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View Full Version : HD Crashes Thank God for Linux!!



Lito
11-07-2006, 11:15 AM
Well yesterday morning before the 9.2 OB release, my Work Drive crashed. Checked it with chkdsk but it said it had errors then it would just quit out with an unknown error during the check!!! Windows happily complained that the disk was not formatted and wanted me to format it when I tried to access the disk. I was thinking I lost all the data on the drive but good thing I don't give up that easily. Well Linux came to my rescue and allowed me to not only mount the broken NTFS HD but it let me recover almost all the data.

Now here is a weird thing. Since I recovered all the files I could under linux I decided to try booting my BartPE recovery disc and it has a chkdsk utility in it. I decided to run it since I had really nothing more I could lose. I figured the chkdsk would just crap out like the one I ran under windows safemode, but it is still running and it actually sounds like it is working. I didn't expect the chkdsks to be different since BartPE is made from the same WinXP install disc I installed my computer with. Well it's still chugging along now and it looks like it's going to take a long while.

So anyone out there listening to this minor rant, get yourself a copy of unbuntu(6.06.1) and knoppix(5.01) linux and make yourself a bartPE disc ( http://www.nu2.nu/pebuilder/ ). You may not need it now, but it might just save your butt one day. All the tools are free too, just costs you a couple of CD-R's and/or DVD-R's to burn the images too. :)

lilrayray77
11-07-2006, 11:35 AM
Yeah, Linux can do some pretty amazing stuff. I had a hard disk hit by an electrical storm. Windows wouldnt boot, nor would it reformat. I did some scans and the said that my hard disk was physicaly damaged. I sayed "what the heck" and tryed reformatting and and installing ubuntu on the HDD. Ubuntu ran just fine and I was up and running Ubuntu within 10 minutes. Now I still bought a new HD for windows, but I certainly now dont regret forgeting to install the surge protector...

starbase1
11-08-2006, 03:42 AM
Yep, my windows system FUBAR'ed itself a couple of months back. Suse Linux cover disk came up fine and identifed the hardware etc.

A linux recovery disk is a VERY good idea!

LW_jackn
02-20-2007, 08:53 AM
It's a cheap way to ghost drives too! :D

DD is king!

starbase1
02-20-2007, 11:02 AM
It's a cheap way to ghost drives too! :D

DD is king!

What do you mean?

mattclary
02-20-2007, 01:28 PM
get yourself a copy of unbuntu(6.06.1) and knoppix(5.01) linux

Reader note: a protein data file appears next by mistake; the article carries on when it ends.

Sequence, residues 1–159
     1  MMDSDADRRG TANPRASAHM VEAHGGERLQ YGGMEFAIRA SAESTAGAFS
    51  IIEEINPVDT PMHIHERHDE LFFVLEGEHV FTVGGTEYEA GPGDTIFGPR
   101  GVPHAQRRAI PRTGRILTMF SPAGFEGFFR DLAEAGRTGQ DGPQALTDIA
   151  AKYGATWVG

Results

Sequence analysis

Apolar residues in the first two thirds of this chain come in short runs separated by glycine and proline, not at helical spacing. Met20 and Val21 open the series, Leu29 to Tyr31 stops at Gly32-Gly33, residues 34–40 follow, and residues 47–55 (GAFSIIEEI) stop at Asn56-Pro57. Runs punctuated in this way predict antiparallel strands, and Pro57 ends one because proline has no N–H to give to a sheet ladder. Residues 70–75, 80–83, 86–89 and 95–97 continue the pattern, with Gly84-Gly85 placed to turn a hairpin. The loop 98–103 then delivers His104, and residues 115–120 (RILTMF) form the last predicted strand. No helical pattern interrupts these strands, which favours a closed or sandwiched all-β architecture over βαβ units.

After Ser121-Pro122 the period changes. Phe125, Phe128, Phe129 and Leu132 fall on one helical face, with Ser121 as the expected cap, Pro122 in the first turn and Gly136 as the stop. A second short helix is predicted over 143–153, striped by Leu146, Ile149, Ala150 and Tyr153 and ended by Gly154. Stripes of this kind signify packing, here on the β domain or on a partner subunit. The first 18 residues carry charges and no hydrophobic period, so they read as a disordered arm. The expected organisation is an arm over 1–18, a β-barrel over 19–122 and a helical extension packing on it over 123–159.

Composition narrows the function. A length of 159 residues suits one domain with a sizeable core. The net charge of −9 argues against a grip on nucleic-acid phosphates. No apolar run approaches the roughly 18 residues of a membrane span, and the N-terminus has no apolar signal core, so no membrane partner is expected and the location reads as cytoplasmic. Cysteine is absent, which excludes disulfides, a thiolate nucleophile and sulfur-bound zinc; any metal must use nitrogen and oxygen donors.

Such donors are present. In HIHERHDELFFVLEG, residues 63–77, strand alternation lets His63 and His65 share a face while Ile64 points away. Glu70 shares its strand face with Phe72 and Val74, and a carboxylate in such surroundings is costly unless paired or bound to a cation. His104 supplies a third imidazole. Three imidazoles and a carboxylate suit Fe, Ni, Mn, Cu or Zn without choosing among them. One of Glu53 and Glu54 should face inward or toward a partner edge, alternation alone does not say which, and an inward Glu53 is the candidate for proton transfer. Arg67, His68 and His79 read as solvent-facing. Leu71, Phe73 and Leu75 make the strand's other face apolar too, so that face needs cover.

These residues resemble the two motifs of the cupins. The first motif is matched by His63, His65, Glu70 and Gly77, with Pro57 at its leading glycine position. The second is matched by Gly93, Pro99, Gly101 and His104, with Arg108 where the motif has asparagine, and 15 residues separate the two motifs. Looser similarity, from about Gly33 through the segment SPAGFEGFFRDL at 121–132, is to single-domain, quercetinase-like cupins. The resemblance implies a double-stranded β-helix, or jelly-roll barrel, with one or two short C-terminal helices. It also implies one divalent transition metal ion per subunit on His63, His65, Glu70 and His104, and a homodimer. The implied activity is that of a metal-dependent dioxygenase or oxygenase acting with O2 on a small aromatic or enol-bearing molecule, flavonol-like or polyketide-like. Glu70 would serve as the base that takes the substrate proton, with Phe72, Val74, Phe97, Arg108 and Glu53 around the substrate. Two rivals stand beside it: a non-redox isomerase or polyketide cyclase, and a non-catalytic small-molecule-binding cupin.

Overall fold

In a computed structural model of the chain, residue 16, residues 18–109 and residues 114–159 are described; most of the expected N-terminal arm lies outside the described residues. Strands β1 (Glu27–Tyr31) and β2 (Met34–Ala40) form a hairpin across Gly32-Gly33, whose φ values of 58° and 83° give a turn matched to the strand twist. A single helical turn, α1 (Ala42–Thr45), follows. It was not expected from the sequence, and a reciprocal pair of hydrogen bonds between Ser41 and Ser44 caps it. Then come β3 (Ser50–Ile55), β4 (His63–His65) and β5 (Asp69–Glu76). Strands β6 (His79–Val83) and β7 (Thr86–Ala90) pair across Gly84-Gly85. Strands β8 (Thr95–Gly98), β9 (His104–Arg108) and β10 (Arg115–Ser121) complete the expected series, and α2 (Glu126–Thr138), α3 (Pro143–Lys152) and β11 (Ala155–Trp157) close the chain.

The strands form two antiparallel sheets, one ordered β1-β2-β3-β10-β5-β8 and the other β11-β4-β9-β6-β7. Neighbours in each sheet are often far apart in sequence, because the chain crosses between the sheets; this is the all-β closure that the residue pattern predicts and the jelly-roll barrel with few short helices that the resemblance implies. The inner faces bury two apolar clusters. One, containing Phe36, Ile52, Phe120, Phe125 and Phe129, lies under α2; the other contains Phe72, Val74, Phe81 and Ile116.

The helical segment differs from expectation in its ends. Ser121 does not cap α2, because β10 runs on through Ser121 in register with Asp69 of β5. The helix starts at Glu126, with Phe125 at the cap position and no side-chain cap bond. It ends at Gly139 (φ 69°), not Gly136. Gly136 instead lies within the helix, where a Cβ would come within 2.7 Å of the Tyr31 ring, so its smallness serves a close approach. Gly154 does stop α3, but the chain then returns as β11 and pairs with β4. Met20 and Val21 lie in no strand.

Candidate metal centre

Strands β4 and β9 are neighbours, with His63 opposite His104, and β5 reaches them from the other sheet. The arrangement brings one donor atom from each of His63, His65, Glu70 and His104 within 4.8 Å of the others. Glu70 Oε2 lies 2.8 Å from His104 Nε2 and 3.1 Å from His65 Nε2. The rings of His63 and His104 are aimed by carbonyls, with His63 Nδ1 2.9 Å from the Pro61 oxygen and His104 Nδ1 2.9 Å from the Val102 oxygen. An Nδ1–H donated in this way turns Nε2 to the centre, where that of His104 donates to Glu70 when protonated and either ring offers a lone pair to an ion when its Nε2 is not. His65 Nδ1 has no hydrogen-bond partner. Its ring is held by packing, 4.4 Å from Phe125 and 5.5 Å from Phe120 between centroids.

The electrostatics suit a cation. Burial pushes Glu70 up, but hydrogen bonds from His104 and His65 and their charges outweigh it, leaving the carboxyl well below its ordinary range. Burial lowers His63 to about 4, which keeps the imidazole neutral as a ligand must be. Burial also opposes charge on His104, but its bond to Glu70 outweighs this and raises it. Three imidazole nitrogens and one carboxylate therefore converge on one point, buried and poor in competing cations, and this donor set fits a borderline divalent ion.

Why not 6.10 Ubuntu? And do you need both Ubuntu and Knoppix?

Phil
02-20-2007, 01:41 PM
What do you mean?

dd is a GNU tool that allows you to read or write byte-by-byte to block devices.

e.g.

dd if=/dev/cdrom of=/dev/null bs=1024

will dump the contents of the device at /dev/cdrom to /dev/null in chunks of 1024 bytes. I chose a safe and useless example in case someone typed it in directly.

By doing something like this with hard disks, you can create disk images on the cheap. It won't help (I think) with copy protected disks (e.g. game CDs) because they report read errors, although I have never tried. CloneCD was good at that and saved me a lot of money during my relocation to Dresden from Glasgow (a few damaged disks in shipping, which I had backed up before hand).

Riplakish
02-20-2007, 06:23 PM
Yeah, Linux can do some pretty amazing stuff. I had a hard disk hit by an electrical storm. Windows wouldnt boot, nor would it reformat. I did some scans and the said that my hard disk was physicaly damaged. I sayed "what the heck" and tryed reformatting and and installing ubuntu on the HDD. Ubuntu ran just fine and I was up and running Ubuntu within 10 minutes. Now I still bought a new HD for windows, but I certainly now dont regret forgeting to install the surge protector...

This is voodoo.

Most Unix newfs tools don't touch all of the sectors, and writing to the drive will invoke bad block remapping. If you have enough replacement blocks, the drive will appear to be fine again, although, as Windows noted, the original block(s) was(were) bad. You can get the same effect by having the BIOS or drive manufacturer utility write zeros to the entire disk, and in many cases, having Windows rewrite the "bad" sectors.

Linux can't magically "save" drives.

LW_jackn
02-20-2007, 11:06 PM
...Linux can't magically "save" drives.

True, but it sure is a lot more helpful than Windows is sometimes...

:D